As our definition of high performance changes, building our skillsets and prioritising our interpersonal skills and development will help us to become more future-proofed.  Drop me an email if you’d like to have a conversation about high performance at callandra@hotspotsmovement.com.


[1] Lynda Gratton, ‘Five Insights From Davos on the Future of Work’, MIT Sloan Management Review Blog (2019).

[2] FoW, Building Narratives on the Future of Work Masterclass Report (2018).

Do Diversity Statements Really Work?

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lottiehsmphotoWe are surrounded by pro-diversity messages today – from the #MeToo campaign, to the controversial Pepsi advert featuring Kendall Jenner – diversity, and the lack of it, penetrates every aspect of society.

We find here at HSM, that workplace diversity and inclusion (D&I) is often the most pressing challenge for many HR executives, and it’s no surprise given that there are only 25 female Fortune 500 CEOs and three black Fortune 500 CEOs[1], and that just 16% of autistic adults in the UK are in full-time employment[2]. Many organisations are trying to amend these inequalities not only because it has become socially unacceptable, but also because it has been evidenced that a diverse workforce can greatly benefit an organisation’s bottom line.

For example McKinsey has found that companies in the top quartile of ethnic and racial diversity were 35% more likely to financially outperform their industry competitors[3]. This clearly has huge appeal for organisations, yet there remains a significant gap between the rhetoric and the reality of diversity efforts today. In this post I will focus on how often well-intentioned organisations are unaware of how to make the leap from the rhetoric of aspirational diversity agendas, to creating a reality of a company culture that is truly diverse and inclusive.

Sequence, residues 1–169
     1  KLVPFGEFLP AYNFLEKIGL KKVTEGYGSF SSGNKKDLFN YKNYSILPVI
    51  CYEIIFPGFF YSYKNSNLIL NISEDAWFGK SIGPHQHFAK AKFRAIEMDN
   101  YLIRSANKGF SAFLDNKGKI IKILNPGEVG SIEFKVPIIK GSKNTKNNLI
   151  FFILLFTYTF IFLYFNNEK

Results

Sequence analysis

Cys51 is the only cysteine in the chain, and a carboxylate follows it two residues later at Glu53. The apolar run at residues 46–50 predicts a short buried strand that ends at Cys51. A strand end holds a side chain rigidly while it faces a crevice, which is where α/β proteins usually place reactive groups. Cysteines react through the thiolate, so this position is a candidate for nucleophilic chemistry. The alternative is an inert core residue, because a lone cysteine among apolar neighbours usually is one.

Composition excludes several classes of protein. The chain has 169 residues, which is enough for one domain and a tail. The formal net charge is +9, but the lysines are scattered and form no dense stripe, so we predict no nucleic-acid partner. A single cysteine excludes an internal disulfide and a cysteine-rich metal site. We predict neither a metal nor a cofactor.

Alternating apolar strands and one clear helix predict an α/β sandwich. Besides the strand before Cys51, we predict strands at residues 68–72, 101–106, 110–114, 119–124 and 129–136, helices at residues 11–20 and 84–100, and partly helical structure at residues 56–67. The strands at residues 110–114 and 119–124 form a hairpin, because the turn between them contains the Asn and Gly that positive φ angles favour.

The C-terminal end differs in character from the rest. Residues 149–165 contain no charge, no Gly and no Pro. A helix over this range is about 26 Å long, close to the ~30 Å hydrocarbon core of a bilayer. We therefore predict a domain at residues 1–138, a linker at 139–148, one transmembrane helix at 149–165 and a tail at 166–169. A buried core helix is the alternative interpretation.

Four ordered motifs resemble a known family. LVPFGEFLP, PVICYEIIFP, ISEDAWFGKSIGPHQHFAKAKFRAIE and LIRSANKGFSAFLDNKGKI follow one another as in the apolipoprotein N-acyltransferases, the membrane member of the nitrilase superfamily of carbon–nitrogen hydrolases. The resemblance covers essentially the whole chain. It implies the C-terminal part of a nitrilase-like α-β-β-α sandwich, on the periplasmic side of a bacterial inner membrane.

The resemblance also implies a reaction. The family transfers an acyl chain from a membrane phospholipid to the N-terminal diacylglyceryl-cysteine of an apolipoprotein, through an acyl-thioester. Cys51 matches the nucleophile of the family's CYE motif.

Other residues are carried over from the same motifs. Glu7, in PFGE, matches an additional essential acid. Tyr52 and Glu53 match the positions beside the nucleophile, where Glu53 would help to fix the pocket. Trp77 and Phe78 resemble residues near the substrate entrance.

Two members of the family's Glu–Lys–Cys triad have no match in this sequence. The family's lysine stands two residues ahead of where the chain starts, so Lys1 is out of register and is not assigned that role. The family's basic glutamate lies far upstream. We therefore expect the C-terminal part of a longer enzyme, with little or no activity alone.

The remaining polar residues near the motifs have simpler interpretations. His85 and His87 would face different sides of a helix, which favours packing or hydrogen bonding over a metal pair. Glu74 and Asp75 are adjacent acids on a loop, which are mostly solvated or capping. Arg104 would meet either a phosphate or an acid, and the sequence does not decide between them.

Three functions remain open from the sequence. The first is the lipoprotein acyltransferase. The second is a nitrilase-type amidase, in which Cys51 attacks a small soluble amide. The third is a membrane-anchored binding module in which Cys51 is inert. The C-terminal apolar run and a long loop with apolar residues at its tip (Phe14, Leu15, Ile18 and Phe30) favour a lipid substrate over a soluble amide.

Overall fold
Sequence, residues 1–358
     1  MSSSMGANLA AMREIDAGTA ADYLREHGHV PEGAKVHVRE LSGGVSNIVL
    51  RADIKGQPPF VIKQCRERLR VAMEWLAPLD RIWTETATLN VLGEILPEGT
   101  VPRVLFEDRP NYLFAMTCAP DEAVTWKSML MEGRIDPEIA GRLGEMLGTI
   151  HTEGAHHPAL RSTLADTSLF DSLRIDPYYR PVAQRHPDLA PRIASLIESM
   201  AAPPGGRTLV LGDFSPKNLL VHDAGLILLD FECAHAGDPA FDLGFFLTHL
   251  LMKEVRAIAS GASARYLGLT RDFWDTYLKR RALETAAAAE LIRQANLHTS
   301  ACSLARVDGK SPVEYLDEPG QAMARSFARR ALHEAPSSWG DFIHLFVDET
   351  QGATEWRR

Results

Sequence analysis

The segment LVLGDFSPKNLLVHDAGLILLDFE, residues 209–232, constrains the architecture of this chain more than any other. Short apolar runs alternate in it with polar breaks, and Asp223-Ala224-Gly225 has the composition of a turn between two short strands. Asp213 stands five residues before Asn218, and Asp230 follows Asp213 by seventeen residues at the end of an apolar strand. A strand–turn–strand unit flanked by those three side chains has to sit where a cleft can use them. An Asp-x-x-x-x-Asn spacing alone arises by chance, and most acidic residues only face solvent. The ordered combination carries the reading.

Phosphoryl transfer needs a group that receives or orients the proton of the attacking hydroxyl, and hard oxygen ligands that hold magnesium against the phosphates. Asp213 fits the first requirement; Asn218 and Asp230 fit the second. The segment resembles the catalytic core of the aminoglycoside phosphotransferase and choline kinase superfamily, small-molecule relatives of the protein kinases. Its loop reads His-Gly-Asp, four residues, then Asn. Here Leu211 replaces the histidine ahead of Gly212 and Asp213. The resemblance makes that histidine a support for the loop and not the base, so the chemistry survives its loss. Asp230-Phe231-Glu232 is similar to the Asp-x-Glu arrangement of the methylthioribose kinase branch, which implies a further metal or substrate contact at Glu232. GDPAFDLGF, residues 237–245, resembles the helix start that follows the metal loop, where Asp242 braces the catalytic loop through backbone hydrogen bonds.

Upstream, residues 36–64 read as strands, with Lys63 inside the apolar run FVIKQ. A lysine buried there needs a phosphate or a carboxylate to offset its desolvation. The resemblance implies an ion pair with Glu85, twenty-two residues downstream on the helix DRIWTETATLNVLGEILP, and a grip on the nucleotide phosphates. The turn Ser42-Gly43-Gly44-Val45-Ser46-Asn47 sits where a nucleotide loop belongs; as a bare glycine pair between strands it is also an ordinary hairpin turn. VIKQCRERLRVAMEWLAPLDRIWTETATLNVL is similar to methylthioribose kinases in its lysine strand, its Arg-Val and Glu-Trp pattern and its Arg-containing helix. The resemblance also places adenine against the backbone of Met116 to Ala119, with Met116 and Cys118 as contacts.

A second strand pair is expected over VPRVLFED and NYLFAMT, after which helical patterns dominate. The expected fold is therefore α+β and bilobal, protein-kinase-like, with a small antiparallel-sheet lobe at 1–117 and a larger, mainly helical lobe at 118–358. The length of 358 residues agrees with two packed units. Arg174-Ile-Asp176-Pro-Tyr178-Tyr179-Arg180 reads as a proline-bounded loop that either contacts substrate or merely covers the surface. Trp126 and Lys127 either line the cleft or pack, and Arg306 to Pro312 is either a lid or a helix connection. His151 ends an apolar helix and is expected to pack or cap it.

One way in which companies try to incorporate a pro-diversity message within their organisation’s culture and values is by including diversity or equal employer opportunity (EEO) statements, or by creating lengthy and comprehensive D&I policies. It is sometimes assumed that by creating these statements or policies, they will automatically attract a more diverse applicant pool of talent, and thus a more diverse workforce, allowing them to benefit from all of the advantages of diverse workforces. However, research has shown that EEO and diversity statements are ineffective in bringing about actual change[4]. A recent World Economic Forum report claimed that although 97% of companies have diversity programs or statements in place, only 25% of employees from diverse groups believe that they have personally benefited from these initiatives[5].

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So where can we go from here? Evidently employers still have a long way to go in fully addressing discrimination in organisations. Eliminating discrimination and working towards inclusivity needs to be made a regular part of the conversation in order to become a reality. For example, it could be a good starting point to ask employees what they think inclusion means, to ask them to share their experiences of feeling excluded, and to co-create with their employers the actions that would make the company more inclusive. The ideas and actions that come from these conversations can help bring your policy to life, as they truly come from the heart of your organisation and your people, those who will ultimately be responsible for implementing it.